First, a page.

Nobody has a bottomless bank account or unlimited gear budget. Nevertheless, cost is one of the most overlooked issues in gear reviews, possibly because many reviewers receive financial rewards for positive reviews. The more expensive the item, the bigger their reward.
Getting into backpacking requires a hefty initial investment in gear, and lower gear costs make backpacking accessible to more people. America's wild places and scenic trails should not be playgrounds for the rich, because they belong to all Americans. Lower costs lead to more equal opportunity and the possibility of closing the adventure gap.
When we shop for gear for ourselves, we weigh an item's function and weight against cost. How many ounces of savings justifies spending more money? How should we set target costs and evaluate whether something is too expensive or on point? You have to answer those questions yourself, but here are some ways to save money:
You get what you pay for — up to a point. Mid-priced gear like backpacks and tents are considerably better quality and much lighter than the very least expensive options. However expensive, high-end gear isn't better than the mid-priced stuff. It doesn't last longer, perform better, or weigh less, so don't waste your money.
Also, in the outdoor sports equipment market, there is a tendency to sell needlessly expensive versions of simple items. Some examples:
Crafty folks can make their own high-quality gear and save lots of money. Ray Jardine first advocated DIY gear in his 1992 Handbook. Today, DIY backpacking and camping gear is very popular and people share their designs and ideas on numerous websites such as Just Jeff's hiking blog or backpacking.net's DIY forum.
As Time magazine explains, "Many retailers engage in what’s known as 'price anchoring.' That’s the retail-world term for setting a high list price to anchor in a perception of value for a product. Because these anchor prices are often so high that almost no customers actually pay them, and because they exist mainly so that the inevitable sales and markdowns appear larger and more tempting, there’s another term frequently applied to the strategy: fake pricing."
Don't get duped by fake prices. With a little patience and planning you can save a lot of money. We recommend window shopping until regularly scheduled annual sales begin around Labor Day weekend and Christmas (both Black Friday and post-holiday sales). All the big online retailers have sales at these times with deep discounts on big ticket items like backpacks, tents, and sleeping bags. There are also manufacturer's rebates and offers of free shipping during those times so you can save hundreds of dollars.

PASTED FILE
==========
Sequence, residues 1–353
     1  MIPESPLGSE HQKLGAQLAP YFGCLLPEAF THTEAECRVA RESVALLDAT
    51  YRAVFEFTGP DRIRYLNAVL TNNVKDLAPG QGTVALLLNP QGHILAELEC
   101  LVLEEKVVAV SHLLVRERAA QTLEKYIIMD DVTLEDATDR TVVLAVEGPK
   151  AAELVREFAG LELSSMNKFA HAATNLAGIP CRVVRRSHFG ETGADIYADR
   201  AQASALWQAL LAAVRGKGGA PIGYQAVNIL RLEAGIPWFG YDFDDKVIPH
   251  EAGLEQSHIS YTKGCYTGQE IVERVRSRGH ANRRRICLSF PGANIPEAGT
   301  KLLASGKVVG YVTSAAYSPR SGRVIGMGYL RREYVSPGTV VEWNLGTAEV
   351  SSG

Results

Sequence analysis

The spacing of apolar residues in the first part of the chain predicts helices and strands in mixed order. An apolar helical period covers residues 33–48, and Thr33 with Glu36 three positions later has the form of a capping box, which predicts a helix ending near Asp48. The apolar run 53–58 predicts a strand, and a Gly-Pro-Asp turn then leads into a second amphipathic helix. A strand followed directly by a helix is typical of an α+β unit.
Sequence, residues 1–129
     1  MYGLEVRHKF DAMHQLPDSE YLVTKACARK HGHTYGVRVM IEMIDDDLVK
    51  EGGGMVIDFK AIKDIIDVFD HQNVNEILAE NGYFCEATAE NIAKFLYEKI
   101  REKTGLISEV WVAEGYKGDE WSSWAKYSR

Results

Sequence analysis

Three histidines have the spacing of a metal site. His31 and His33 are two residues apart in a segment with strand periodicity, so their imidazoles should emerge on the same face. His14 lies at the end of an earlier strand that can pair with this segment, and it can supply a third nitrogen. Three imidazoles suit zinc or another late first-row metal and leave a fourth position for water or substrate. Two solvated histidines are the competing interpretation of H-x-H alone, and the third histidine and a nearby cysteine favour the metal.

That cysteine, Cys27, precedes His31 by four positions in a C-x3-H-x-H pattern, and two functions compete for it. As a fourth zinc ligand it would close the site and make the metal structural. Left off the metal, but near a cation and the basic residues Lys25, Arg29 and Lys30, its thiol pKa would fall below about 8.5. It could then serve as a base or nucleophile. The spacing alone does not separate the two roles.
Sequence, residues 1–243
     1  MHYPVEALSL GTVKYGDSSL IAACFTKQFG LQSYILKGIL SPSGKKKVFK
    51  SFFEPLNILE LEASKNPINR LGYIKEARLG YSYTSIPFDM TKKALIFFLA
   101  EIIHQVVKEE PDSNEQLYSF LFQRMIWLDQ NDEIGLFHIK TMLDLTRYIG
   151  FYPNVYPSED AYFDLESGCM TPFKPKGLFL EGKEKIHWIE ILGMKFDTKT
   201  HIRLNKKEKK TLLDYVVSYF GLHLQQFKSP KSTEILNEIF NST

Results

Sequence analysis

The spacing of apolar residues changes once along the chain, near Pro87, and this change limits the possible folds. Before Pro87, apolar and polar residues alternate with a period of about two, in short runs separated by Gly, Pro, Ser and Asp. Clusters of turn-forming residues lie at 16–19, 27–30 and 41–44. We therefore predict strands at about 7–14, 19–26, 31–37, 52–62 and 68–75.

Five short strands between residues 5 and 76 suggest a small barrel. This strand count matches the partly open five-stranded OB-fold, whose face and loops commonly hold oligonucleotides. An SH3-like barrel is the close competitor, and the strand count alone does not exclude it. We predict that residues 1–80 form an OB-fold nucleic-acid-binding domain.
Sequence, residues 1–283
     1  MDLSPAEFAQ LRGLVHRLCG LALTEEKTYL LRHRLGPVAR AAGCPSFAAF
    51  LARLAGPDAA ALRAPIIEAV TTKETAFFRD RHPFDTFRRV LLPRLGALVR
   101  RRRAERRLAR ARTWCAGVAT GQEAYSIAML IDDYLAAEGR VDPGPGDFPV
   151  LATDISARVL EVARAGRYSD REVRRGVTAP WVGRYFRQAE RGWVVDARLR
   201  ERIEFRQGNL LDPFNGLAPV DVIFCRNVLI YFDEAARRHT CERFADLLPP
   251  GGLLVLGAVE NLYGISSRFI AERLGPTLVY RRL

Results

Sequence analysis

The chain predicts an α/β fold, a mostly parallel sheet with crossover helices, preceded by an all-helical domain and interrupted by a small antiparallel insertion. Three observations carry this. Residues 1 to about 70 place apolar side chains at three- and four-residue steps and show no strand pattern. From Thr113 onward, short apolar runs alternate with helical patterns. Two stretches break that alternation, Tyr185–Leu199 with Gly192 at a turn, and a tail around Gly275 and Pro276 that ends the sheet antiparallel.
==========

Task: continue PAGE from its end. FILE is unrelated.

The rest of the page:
The trick is to know exactly what you want before the sale starts, and then pounce once it does. Settle on the right gear for you after doing research. Compare options and features, consider our advice on specific products in the following pages, and visit outfitters to check things out in person. Once the sale starts you can swoop in and grab everything on your list. Sales don’t last long and stock is usually limited, so beginning the selection process after a sale starts is high-pressure and leads to impulse buying, poor purchases, and regret.
If you take this approach, don't worry about missing out on the latest and greatest. Yes, retailers promote sales to clear inventory and make room for next year's models, but once you have been backpacking for a couple of years, you realize how little things change. Those latest and greatest features are always superficial. Substantial, transformative changes in design and materials only happen once a decade.
It pays to become a member of the REI co-op and join the email lists of other retailers like Backcountry, Altrec, Moosejaw, et cetera. Throughout the year retailers offer promo codes exclusively through their mailing lists. Typically the promo code is only good for certain items and for a limited time, which promotes impulse buying. With a plan in place you'll save on exactly what you want and be immune to regretful impulse buying.
You should spend the most money on the Big Three: your backpack, shelter, and sleeping bag. These three things are the most important pieces of gear in backpacking, the most expensive, and the heaviest things on your back. You will need them to be both high-quality and lightweight, and that combination is not cheap.
Waiting for sales and making smart choices about the Big 3 can save you both the most money and the most weight. Trimming ounces and costs from everything else in your kit — stove, sleeping pad, clothes, stuff sacks, water filter, et cetera — will never equal the financial and weight savings possible from making the right choices about the Big Three.
The Big Three should be purchased at an outfitter or direct from the manufacturer. Some small brands like ULA are only carried in a handful of small, independent outfitters along the AT and PCT. They do most of their business directly with customers online.
With the Big Three taken care of, you can shop for clothes, shoes, and miscellaneous items at big box stores, and not just sports apparel companies like Dick’s Sporting Goods. The lightest camp shoes we’ve ever found were at Marshalls. Dry sacks at Wal-Mart made by "Outdoor Products" (the most generic name possible) are ultralight and very high quality, yet cost $10 for a bundle of three.